“Thank you for giving us garden tools, books and many school supplies.  Many children are very happy because in afternoons pupils come to library and read books.”  Ann P., Grade 6 Pupil, Aurora-Araneta Elementary

Cuartero Natl HS Championship badmitton teamIn addition to food and clean water, AAI is supplementing education, sports and health needs in damaged schools.  Meanwhile, students’ fathers volunteer to do construction and renovation of buildings severely damaged in the mega-storm. 

In Cuartero, Capiz, the results have been dramatic, even causing the Department of Education to take note. “I have been to Carataya Elementary School, San Antonio Elementary, and Maindang Elementary School conducting a pre-assessment in Math and English,” says Dr. Luz Rojas Mayo of the Curatero DOE.  “I am happy to inform you that schools are now improving in terms of their health status as well on their academic performance. We are so blessed for the continuous support of AAI and our community mobilization campaigns.”

The recovery of Capiz province schools has been made possible by the generosity of the foundation donors and private citizens which support AAI. The key catalyst for success is AAI’s partnerships with local civic groups, village officials, and parents and teachers at under-supplied schools.

“Thank you, Albert Santoli and your friends for giving the food to my classmates and other children in this school Catig-Lacadon.  We love you because you help this school.  We remember you wherever you are going to help many children in their places.  God bless you and your friends’ families.”  Juna Lyn R., 5th Grade, Catig-Lacadon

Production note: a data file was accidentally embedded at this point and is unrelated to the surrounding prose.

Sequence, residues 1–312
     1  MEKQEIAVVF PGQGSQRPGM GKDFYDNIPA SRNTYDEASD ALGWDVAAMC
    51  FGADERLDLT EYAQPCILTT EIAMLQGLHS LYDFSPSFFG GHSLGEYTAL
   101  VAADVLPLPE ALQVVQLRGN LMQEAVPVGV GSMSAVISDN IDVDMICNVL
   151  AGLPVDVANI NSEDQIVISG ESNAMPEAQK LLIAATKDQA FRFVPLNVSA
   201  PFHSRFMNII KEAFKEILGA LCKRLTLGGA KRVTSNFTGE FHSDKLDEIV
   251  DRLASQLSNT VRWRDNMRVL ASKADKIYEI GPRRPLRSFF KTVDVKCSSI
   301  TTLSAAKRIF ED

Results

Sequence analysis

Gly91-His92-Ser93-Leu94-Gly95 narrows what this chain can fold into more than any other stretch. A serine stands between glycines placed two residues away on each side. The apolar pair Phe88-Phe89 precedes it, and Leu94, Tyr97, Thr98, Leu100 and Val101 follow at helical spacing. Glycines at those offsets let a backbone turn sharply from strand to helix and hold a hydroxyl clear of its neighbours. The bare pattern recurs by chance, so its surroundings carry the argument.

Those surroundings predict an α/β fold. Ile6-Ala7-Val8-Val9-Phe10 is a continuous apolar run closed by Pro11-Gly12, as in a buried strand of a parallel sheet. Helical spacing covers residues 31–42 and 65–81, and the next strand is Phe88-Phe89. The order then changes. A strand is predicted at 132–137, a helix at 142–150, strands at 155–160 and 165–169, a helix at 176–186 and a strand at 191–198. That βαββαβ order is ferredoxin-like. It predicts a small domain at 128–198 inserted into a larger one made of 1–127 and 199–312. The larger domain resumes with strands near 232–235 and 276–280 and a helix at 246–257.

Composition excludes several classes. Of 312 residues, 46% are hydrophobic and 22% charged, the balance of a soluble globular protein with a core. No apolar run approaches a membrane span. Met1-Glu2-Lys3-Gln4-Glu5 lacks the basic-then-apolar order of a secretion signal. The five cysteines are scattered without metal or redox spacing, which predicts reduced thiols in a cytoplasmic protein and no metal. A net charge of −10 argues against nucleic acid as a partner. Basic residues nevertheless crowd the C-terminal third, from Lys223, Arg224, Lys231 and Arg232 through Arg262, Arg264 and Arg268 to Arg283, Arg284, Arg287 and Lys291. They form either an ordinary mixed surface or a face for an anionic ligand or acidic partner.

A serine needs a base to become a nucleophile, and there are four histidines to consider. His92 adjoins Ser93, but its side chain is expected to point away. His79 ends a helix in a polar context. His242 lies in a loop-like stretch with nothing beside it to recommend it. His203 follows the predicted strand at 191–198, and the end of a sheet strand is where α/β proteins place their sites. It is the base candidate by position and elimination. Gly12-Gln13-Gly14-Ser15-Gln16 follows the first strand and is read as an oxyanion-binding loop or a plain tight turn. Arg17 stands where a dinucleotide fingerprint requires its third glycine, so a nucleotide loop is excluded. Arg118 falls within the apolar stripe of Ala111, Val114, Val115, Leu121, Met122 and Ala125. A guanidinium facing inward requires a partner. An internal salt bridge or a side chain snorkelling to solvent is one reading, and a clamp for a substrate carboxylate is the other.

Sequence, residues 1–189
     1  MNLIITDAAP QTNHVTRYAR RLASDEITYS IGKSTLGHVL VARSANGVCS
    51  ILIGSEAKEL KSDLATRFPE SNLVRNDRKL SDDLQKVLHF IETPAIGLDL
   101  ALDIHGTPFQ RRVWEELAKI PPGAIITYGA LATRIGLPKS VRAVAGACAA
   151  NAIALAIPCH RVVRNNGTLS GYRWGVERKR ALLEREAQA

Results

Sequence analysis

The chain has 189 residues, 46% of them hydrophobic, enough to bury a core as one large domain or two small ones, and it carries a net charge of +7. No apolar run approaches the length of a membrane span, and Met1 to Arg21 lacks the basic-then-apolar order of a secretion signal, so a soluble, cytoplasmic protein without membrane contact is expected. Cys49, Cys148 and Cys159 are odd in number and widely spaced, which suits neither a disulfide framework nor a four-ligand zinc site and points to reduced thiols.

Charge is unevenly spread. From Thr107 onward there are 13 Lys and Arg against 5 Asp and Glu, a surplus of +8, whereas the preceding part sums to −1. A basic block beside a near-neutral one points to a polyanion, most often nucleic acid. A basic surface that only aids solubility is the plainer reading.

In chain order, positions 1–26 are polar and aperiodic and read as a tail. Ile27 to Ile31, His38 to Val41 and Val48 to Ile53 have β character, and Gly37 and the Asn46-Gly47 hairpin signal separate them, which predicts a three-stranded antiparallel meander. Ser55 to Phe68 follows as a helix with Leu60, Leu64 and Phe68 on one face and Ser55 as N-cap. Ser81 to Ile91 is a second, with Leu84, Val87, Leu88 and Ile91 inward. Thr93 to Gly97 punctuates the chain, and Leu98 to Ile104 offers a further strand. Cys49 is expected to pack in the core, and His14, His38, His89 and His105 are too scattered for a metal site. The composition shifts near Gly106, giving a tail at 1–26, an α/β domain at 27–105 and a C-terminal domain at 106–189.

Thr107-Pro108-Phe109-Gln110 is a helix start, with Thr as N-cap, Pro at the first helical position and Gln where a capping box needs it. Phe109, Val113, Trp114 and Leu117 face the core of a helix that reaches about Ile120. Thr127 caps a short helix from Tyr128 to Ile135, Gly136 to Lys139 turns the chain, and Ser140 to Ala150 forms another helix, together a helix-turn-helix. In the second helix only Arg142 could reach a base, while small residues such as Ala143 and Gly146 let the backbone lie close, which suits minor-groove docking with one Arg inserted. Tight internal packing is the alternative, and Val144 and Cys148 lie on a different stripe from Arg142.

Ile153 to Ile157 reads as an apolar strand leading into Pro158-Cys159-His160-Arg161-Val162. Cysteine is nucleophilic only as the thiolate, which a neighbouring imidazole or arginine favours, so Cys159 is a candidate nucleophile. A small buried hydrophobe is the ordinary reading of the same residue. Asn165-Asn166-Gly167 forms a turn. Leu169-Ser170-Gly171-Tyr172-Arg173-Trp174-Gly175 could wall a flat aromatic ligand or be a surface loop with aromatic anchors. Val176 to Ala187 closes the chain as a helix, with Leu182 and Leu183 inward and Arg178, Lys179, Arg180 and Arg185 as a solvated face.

The new 2016-17 school year began in mid-June. Each school now has a water tank and wash basins to provide for adequate sanitation. The quality of drinking water has dramatically improved, reducing water-borne and mosquito related illnesses. AAI and its supporters are viewed as reliable friends while communities re-establish farming and fishing as means of livelihood and basic sustenance.

Police Civil Affairs team in anti-drugs campaign in IloiloIn September, AAI added a new component to the rebuilding of western Visayas — support to schools to keep youths away from drug addiction and to assist the police to reduce violence in the country-wide war on drugs.  AAI’s Coordinator in Visayas, Nurse Faith Omel Dela Torre, also works with the national police on the coastal Sebaste District, a frontline of the government’s anti-drug campaign.  “We are coordinating with the police to distribute books, classroom supplies and games in isolated public schools,” Nurse Faith explained.  

Prof. Santoli and AAI are preparing for one more year of typhoon recovery programs that will continue through Christmas of 2017.  Their goal is for these hard working communities to get back on their feet.  

Not only does this humanitarian work make an immediate impact on the lives of those in the Philippines, but this engagement via an NGO is a way to deter extremism and terror from developing in these regions. In an era where military power alone cannot address such challenges, Prof. Santoli’s work is particularly noteworthy, and increasingly important.  

In the spring semester, Professor Santoli will teach a course on the art of citizen diplomacy though cultural engagement, titled Counterterrorism through Cultural Engagement (IWP 670).